This post is kicking off on-going, but non-sequential series unofficially titled Outlining v.s. Discovery Writing, in which we look at a variety of methods to outline a novel, whether you are a pantser or a plotter.

E.L. Doctrow, quoted on the process of writing said:

Writing is like driving a car at night. You can only see as far as the headlights, but you make the whole trip that way.

Using the logic above, what would that look like when you begin to outline a novel? What would you need to know about your story at the very least to begin? (I am interested in hearing from you on this.)

Outline your novel

Minimal Story Criteria

  • Main character
  • Conflict (without conflict you do not have a story)

You could expand this out further to add extra detail if you want but for simplicity, we will stick with these two sets of criteria.

Let’s take Bobby, a young fictional character I just imagined, and run through the planning process of our story using our headlights to view the story.

However, since we cannot just drop Bobby in a story without conflict, let’s throw some at him. What if there was a vicious attack dog guarding a dark secret in the yard next door? – I like it.

How to Outline a Novel

Using the small amount of information we have come up with, we could plan the first few chapters using some brainstorming exercises (what-if game, mind mapping, and more) to start sketching out a rough outline.

Remember we are not trying to plan the whole story, rather, just enough to begin writing. If you do not know what the ending will look like that’s fine; write what you can see now with your headlights.

Example:

  • Chapter 1- Bobby’s family moves into a new house and he sees dog chained in the backyard.
  • Chapter 2- One night Bobby witnesses the dog digging and sees what looks like a human bone in the dirt.
  • Chapter 3- Bobby’s family goes next door to have dinner with the new neighbors. Bobby sees the dog with dirt caked on his paws and what looks like blood on his teeth.

After you have brainstormed out the first few chapters and you feel comfortable with the beginning, you can start to write knowing you are heading for the furthest you could see with your headlights (in our case Bobby goes with his parents next door).

The story’s form is still loose in our head but there is enough structure that our mind should start to make decisions and connections to our set points.

Ideas will spring up and detours may happen but the structure can hold your course.

When you reach the end of whatever chapter you last sketched out, take a break and look back at what you wrote.

Do you like it? Are there characters that showed up that you did not expect and need further explaining?

Yet, the question that is most important after reaching your stopping point is: “and then what?”

Ok, and Then What?

From here you take any notes you made during your initial writing (i.e. new characters, setting changes, name changes) and plan the next few chapters as you see them.

More than likely, while you were writing the first few chapters, your brain was already playing ahead and informed you of where the story wanted to go. Just remain aware of where your mind is going and take notes.

That does not mean you have to use everything in your notes but having it written down will help with getting it out of your head so you can focus on writing.

Once you come up with enough meat for the next few chapters, sit down and start the process again. Then rinse and repeat until you have finished your novel.

“But wait!”, I hear people say, “You need more details than just a main character and some conflict to structure a story” – and my answer to that would be… maybe.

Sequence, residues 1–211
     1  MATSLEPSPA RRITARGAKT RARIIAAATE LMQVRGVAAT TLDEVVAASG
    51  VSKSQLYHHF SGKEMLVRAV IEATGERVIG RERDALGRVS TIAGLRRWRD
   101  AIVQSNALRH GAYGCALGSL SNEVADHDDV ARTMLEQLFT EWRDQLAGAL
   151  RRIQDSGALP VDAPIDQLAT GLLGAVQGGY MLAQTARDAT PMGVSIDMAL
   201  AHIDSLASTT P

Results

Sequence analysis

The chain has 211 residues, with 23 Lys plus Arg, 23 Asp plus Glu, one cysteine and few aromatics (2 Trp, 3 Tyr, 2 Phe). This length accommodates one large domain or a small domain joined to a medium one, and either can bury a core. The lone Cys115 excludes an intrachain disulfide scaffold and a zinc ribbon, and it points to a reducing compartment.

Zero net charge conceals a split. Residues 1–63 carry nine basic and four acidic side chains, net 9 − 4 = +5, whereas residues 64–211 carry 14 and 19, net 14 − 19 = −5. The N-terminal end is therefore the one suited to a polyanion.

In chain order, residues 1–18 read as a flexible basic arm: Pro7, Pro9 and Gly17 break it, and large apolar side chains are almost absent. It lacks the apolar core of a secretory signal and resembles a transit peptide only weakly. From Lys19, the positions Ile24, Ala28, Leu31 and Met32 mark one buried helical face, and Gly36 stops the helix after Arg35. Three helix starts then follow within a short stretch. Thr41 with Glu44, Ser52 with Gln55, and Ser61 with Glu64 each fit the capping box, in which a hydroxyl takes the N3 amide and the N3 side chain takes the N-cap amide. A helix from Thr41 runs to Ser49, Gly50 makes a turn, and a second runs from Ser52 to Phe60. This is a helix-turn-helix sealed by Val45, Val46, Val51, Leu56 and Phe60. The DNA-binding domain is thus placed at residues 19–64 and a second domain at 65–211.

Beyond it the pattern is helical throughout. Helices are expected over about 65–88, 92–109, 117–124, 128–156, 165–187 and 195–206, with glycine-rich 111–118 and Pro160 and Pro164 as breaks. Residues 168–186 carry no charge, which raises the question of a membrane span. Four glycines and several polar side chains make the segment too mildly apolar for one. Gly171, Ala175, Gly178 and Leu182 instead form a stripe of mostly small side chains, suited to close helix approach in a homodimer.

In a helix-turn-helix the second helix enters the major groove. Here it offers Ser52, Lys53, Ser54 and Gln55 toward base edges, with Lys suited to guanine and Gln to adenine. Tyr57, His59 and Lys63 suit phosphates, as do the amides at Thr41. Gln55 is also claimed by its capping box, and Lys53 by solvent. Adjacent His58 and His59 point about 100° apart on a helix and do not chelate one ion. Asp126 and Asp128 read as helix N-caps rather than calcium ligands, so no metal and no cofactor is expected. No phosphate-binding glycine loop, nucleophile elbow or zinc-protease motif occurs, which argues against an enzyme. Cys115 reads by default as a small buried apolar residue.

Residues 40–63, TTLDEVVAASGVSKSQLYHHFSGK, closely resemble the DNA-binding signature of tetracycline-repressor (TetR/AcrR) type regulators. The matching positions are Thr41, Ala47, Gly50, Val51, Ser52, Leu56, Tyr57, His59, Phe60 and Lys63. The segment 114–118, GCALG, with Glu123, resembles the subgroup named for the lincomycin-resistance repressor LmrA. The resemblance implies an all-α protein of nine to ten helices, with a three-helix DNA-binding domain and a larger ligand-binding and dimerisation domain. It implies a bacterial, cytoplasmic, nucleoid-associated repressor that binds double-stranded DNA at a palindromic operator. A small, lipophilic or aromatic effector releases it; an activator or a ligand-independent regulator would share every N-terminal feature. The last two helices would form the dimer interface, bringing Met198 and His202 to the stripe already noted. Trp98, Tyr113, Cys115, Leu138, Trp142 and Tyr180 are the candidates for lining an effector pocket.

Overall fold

In the craft of writing there are no rules, well maybe just one, and that is… there are no rules.

You can start with nothing and begin writing or have the whole novel mapped out before you put pen to paper, your choice.

If you feel like you need more details just add them. We could have started our list with more details than just a main character and some conflict.

Basic Story Elements

In my newest eBook, Foundation Factors: The 4 Step Blueprint for Crafting a Winning Story, we go over the four foundational factors of any great story.

Writing formulas and strategies come and go, but there are basic story elements that are essential.

Foundation Factors

  • Problem
  • Lead Character
  • Objective
  • The Resolution

With those four details you should have enough information set in your mind that you could plan as much, or as little, you need to feel comfortable.

But going back to the idea behind the headlight system, you do not have to know everything to start writing. You only need to know enough to begin and then keep going.

Therefore, if we are going to take the Foundation Factors and apply them to our example story it could look like this…

  • Problem (there is something buried in the backyard that a vicious dog is guarding)
  • Lead (Bobby)
  • Objective (Find out what is buried in his neighbors yard)
  • The Resolution (Bobby distracts the dog, traps him, finds that his neighbors have been burying bodies in their backyard, calls the police, and saves the day!)

That is an exaggerated story example but you get the idea.

The headlight method of planning may be a slower approach to writing your novel, due to all the looking back before going forward, but when it comes to completing your novel what does it matter how you got there.

If you are interested in learning more about how to outline a novel, even if you don’t consider yourself an outliner, then check out this post by New York Times Bestselling Author Jerry B. Jenkins. His post is aimed at teaching people who are not natural outliners, how to outline their novel.

 

Next Week: The Seven Point Story Structure (This will be a sub series of this Outlining series)

Photo courtesy of Kenny Louie

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